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Death of Thorolf Kveldulfsson.

King Harold was at Hlada when the brothers went away. Immediately after this the king made him ready with all haste, and embarked his force on four ships, and they rowed up the firth, and so by Beitis-sea inwards to the isthmus of Elda. There he left his ships behind, and crossed the isthmus northwards to Naumdale. The king there took ships belonging to the landowners, and embarked his force on them, having with him his guard; four hundred men they were. Six ships he had well equipped both with weapons and men. They encountered a fresh head-wind, and rowed night and day, making what progress they could. The night was then light enough for travel.
On the evening of a day after sunset they came to Sandness, and saw lying there opposite the farm a long-ship with tent spread, which they knew to be Thorolf's. He was even then purposing to sail away, and had bidden them brew the ale for their parting carousal. The king ordered his men to disembark and his standard to be raised. It was but a short way to the farm buildings.
Thorolf's watchmen sate within drinking, and were not gone to their posts; not a man was without; all sate within drinking. The king had a ring of men set round the hall: they then shouted a war-whoop, and a war-blast was blown on the king's trumpet. On hearing which Thorolf's men sprang to their weapons, for each man's weapons hung above his seat. The king caused some to make proclamation at the door, bidding women, children, old men, thralls, and bondmen to come out. Then came out Sigridr the mistress, and with her the women that were within, and the others to whom permission was given. Sigridr asked if the sons of Kari of Berdla were there. They both came forward and asked what she would of them.
'Lead me to the king,' said she.
They did so. But when she came to the king, she said: 'Will anything, my lord, avail to reconcile thee with Thorolf?'
The king answered, 'If Thorolf will yield him to my mercy, then shall he have life and limb, but his men shall undergo punishment according to the charges against them.'
Upon this Aulvir Hnuf went to the room, and had Thorolf called to speak with him, and told him what terms the king offered them.
Thorolf answered that he would not take of the king compulsory terms or reconciliation. 'Bid thou the king allow us to go out, and then leave we things to go their own course.'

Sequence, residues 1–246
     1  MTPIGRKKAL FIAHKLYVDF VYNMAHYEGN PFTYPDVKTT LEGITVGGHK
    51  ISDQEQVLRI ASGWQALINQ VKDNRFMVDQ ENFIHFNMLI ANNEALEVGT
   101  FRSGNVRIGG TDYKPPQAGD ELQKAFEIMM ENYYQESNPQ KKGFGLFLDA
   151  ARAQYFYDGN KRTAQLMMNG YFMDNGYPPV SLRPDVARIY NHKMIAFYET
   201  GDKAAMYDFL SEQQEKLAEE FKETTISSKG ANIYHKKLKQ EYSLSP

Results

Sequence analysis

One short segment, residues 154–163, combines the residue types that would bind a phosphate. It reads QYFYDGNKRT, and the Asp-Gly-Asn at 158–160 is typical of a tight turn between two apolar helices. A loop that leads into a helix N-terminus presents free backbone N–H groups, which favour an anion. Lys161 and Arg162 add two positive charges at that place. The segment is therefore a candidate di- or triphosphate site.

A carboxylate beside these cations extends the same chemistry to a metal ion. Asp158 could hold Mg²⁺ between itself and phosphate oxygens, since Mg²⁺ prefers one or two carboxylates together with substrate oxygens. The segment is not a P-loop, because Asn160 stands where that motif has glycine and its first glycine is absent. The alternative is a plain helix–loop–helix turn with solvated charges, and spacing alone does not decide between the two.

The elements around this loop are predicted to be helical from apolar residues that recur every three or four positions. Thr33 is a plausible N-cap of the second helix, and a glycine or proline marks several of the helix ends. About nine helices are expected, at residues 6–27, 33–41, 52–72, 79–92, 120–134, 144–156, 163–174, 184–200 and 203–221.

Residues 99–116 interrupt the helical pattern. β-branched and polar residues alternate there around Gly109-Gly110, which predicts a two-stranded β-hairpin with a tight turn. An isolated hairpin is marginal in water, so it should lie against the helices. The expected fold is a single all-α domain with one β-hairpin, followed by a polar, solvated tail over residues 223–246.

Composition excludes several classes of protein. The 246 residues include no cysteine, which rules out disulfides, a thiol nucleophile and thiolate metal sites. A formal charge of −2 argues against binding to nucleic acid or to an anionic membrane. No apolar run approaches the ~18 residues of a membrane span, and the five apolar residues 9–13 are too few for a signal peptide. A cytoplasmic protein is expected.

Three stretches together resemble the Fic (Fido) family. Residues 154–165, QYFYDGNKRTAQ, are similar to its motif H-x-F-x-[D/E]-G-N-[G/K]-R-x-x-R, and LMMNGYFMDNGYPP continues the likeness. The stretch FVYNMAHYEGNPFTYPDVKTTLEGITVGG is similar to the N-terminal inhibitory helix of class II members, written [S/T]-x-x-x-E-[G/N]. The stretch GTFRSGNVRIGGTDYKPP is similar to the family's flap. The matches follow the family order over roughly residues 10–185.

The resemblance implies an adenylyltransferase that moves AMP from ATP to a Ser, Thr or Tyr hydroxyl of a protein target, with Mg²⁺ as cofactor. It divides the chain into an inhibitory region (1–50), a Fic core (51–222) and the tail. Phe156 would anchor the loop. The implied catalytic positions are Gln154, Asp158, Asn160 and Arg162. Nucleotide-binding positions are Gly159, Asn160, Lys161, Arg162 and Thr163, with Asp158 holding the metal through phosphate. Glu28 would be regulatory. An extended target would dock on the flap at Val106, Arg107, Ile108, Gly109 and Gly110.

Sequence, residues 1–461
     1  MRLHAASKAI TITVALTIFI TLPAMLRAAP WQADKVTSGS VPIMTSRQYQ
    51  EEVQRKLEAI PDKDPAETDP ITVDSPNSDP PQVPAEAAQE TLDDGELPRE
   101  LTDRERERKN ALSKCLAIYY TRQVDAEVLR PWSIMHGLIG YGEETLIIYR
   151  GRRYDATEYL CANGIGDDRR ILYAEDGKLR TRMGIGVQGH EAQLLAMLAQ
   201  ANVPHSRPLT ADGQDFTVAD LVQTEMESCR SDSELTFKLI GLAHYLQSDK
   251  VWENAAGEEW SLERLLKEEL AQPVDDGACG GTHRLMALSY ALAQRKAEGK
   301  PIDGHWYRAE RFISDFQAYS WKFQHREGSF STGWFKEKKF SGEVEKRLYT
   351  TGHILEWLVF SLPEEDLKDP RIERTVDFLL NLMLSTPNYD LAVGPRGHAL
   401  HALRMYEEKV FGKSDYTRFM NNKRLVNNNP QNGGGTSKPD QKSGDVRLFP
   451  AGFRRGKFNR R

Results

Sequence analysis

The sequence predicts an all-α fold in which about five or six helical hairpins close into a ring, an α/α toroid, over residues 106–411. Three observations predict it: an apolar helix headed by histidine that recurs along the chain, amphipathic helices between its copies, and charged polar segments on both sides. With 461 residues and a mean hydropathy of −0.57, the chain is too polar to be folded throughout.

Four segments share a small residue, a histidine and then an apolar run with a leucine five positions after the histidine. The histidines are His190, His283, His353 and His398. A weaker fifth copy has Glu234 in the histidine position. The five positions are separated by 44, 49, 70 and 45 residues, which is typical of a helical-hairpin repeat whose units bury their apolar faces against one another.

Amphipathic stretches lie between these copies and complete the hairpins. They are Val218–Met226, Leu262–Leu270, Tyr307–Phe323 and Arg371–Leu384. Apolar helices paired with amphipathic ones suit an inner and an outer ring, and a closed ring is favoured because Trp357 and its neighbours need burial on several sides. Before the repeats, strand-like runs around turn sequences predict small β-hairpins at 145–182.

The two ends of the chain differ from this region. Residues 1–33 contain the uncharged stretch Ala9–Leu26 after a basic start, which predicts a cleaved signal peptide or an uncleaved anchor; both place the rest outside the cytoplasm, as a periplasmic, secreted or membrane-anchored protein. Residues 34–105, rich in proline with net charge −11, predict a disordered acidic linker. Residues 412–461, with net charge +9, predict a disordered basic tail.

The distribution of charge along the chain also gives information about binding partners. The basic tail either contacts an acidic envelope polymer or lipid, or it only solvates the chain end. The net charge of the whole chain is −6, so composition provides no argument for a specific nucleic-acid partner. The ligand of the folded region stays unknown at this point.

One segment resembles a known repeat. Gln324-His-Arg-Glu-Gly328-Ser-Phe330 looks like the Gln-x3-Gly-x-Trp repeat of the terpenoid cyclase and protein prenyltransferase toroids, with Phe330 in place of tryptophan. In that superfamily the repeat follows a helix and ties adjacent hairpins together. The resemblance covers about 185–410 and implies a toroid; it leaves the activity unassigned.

The king said: 'Set fire to the room; I will not waste my men by doing battle with him outside; I know that Thorolf will work us great man-scathe if he come out, though he has fewer men than we.'
So fire was set to the room, and it soon caught, because the wood was dry and the walls tarred and the roof thatched with birch-bark. Thorolf bade his men break up the wainscoting and get gable-beams, and so burst through the planking; and when they got the beams, then as many men as could hold on to it took one beam, and they rammed at the corner with the other beam-end so hard that the clasps flew out, and the walls started asunder, and there was a wide outlet.
First went out Thorolf, then Thorgils Yeller, then the rest one after another. Fierce then was the fight; nor for awhile could it be seen which had the better of it, for the room guarded the rear of Thorolf's force. The king lost many men before the room began to burn; then the fire attacked Thorolf's side, and many of them fell. Now Thorolf bounded forwards and hewed on either hand; small need to bind the wounds of those who encountered him. He made for where the king's standard was, and at this moment fell Thorgils Yeller. But when Thorolf reached the shield-wall, he pierced with a stroke the standard-bearer, crying, 'Now am I but three feet short of my aim.' Then bore at him both sword and spear; but the king himself dealt him his death-wound, and he fell forward at the king's feet. The king called out then, and bade them cease further slaughter; and they did so.
After this the king bade his men go down to the ships. To Aulvir Hnuf and his brother he said:
'Take ye Thorolf your kinsman and give him honourable burial; bury also the other men who have fallen, and see to the binding of the wounds of those who have hope of life; but let none plunder here, for all this is my property.'